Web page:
Thursday, December 01, 2005

How Good We Had It

After some recent thinking, a dose of timely dreaming, and a re-invigorated spirit I mean to resume posting. Not just resume- for that implies merely continuing as things were- but to improve as well.

After such a lengthy hiatus, sliding back into the habit will not happen as smoothly as I might wish. Foremost among my hindrances: What type of post would suitably announce my return? An introspective 'why did I stop' piece? A prospective 'what inspires me to put finger to molded plastic' statement? The next idea in my head, pulled off with a certain nonchalance toward the publishing gap? None of those felt quite right.

As luck would have it, I stumbled upon my answer. Along with the published posts, I have a small collections of draft posts which are in various states of completeness and coherence (much the same could be said about the published posts, but I certainly hope none are moved to make such an observation). As luck would have it, the last post of any sort was one of those drafts- in a nearly complete form. I wrote it the same day as the last published post- January 17th. There's a pleasing symmetry there, wouldn't you say? (the title to this post, in fact, is the title of that draft)

For my reintroduction post, I've decided to quote that post and then expand upon it. Voila.

I had no idea how good we had it. For nearly a year now, I have highlighted some of the glaring deficiencies in the Dear Abby column. For fun, mostly. But also in hopes of making a point about what good advice is and is not.

The spirit of those critiques have been heard- only indirectly I'm sure. Well, partially. Beginning with the New Year, the Post dropped Dear Abby as a daily column (she is now a twice a week feature). This is almost certainly for the best. From seven days worth of Abby columns, two columns of worthwhile material can certainly be culled.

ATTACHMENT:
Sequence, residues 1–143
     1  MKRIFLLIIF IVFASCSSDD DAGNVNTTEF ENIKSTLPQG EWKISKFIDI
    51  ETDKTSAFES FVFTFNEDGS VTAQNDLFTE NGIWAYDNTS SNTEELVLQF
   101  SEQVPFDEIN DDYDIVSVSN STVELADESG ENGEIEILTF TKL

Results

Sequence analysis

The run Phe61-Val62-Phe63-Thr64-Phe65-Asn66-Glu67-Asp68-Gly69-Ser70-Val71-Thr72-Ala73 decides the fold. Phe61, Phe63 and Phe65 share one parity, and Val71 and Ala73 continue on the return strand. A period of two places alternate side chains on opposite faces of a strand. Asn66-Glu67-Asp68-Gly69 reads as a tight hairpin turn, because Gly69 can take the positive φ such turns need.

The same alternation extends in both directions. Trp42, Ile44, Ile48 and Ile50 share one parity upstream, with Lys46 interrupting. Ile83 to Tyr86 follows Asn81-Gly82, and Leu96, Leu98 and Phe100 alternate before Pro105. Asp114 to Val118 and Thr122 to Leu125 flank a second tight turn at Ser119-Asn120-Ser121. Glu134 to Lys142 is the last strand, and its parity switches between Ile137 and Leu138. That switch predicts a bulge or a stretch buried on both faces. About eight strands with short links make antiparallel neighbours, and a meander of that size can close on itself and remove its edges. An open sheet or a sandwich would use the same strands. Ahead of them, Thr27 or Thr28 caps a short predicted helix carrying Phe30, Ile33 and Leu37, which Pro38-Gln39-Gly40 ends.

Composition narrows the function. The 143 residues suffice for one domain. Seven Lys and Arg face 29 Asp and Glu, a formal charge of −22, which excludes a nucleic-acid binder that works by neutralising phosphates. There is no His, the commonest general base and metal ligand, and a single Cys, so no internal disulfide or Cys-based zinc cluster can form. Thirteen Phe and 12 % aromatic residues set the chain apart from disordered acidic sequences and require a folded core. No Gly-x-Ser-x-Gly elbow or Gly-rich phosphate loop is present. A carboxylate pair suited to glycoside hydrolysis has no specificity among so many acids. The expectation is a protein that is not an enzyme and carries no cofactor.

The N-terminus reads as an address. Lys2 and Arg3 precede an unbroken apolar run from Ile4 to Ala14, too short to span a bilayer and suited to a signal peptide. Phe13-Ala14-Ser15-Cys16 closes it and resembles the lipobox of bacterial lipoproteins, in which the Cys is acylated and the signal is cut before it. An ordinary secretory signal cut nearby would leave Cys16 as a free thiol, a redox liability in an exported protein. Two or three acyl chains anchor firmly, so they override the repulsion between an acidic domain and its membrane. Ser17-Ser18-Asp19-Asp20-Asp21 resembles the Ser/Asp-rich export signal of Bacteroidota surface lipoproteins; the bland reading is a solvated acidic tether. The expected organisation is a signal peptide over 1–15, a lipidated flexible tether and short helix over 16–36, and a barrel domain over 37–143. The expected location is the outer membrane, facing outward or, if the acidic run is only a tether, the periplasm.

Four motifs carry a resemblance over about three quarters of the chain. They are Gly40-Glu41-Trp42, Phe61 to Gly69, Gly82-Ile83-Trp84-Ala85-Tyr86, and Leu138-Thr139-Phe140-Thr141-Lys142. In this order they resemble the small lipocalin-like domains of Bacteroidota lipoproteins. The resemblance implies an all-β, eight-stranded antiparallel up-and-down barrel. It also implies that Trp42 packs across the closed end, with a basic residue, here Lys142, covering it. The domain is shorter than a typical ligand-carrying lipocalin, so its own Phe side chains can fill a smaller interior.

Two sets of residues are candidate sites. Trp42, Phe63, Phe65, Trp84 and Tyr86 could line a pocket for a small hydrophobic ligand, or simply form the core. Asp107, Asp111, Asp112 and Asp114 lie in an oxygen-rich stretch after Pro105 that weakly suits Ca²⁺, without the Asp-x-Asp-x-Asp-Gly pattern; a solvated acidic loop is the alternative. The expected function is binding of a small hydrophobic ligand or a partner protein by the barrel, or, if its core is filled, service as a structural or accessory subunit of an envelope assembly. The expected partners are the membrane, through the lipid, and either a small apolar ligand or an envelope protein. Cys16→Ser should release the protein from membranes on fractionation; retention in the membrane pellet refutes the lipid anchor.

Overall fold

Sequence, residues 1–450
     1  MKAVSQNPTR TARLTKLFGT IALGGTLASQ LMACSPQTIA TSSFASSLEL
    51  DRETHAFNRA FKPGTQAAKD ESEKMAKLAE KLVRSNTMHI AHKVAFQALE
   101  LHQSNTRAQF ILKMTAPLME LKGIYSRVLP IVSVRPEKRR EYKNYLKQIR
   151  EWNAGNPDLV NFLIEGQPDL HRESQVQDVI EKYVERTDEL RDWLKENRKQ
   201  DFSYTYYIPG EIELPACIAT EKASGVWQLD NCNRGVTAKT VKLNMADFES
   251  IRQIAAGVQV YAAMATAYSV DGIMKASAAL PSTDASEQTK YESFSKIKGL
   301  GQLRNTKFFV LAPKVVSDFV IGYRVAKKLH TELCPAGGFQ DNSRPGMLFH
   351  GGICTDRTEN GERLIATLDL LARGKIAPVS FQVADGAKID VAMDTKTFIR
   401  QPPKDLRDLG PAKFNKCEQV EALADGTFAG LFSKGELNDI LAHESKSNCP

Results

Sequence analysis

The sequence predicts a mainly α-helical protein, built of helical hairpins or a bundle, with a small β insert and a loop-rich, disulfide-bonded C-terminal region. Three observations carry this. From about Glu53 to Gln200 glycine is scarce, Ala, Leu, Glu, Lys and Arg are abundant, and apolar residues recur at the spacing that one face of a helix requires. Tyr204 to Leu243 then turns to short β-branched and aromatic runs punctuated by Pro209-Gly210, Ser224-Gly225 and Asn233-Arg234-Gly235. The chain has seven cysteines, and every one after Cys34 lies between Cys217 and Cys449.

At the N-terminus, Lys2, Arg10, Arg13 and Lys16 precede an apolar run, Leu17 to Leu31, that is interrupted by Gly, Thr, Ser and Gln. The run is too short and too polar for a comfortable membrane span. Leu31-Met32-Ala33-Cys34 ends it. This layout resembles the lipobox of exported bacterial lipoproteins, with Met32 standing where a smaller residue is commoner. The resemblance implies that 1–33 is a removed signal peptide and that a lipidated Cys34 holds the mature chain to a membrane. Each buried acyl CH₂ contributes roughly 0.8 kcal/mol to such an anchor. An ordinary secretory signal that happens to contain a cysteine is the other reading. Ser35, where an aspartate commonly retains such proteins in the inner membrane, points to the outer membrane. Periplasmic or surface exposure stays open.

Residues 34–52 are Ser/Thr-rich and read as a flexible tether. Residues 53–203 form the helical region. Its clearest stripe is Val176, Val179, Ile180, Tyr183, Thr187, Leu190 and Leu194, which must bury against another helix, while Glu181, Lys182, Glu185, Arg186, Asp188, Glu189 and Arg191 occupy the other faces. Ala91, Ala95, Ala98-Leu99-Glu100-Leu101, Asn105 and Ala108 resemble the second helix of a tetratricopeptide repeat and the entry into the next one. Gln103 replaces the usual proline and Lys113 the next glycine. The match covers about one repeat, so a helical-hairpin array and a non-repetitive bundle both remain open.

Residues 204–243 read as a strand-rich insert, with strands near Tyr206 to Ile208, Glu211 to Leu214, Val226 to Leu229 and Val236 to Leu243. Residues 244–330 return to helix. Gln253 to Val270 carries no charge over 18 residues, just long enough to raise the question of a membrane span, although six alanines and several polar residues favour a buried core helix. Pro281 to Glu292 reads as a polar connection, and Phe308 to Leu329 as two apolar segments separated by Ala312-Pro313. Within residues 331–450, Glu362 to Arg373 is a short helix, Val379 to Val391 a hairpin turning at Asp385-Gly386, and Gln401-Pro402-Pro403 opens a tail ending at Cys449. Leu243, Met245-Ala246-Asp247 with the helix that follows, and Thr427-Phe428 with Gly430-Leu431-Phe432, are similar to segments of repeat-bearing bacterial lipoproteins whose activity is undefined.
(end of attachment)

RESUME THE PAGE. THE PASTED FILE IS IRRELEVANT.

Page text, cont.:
Unfortunately, Abby's daily slot has been given to Amy- as in Ask Amy (evidently, my parents destroyed my syndicated advice columnist career by the time the ink on my birth certificate dried). I do not like Amy. Less you begin to think I am some sort of advice column hater, I was a fan of the deceased Ann Landers and am a proponent of Tell Me About It's Carolyn Hax.

Abby is, as I believe I titled a posting, that judgmental bitch at the old ladies tea party. Always chipping in her two cents, only occasionally usefully. Amy is that recklessly reaffirming member of the tea circle. She's an ego fluffer.

What neither Amy or Abby grasp- unlike both Ann and Carolyn: the column and the advice is not about them or their biases. It's about the writer and counseling their decision-making processes- in both particular and general terms.

That post stops exactly when the story turns interesting. When I wrote it, I intended to involve a fun profile of Amy from that month's Atlantic Monthly. That profile endeared Amy to me- in particular her reaction to reader comments and a certain 'horseshit' stamp. I put the post on hold while I reconsidered my position. For a month or two, I had myself thinking she was pretty good with her advice. Somewhere around the onset of Spring, I came back around. Amy is an interesting cross of the Amy I described, the Abby I described, a terribly disinterested listener ('please, stop your whining. It's tiresome'), and the worst parodies of an aloof Martha Stewart. I figure now is as good a time as any to say so. I believe in the sentiment. I believe in the usefulness of saying so. I believe saying so matters, even if it doesn't. None of which I could say last January.

(Yes, there's a mildly allegorical quality to the parallel journeys which, ultimately, are the point of this post)


At 7:20 AM, Anonymous Anonymous said...

So, you're back. It's about time.



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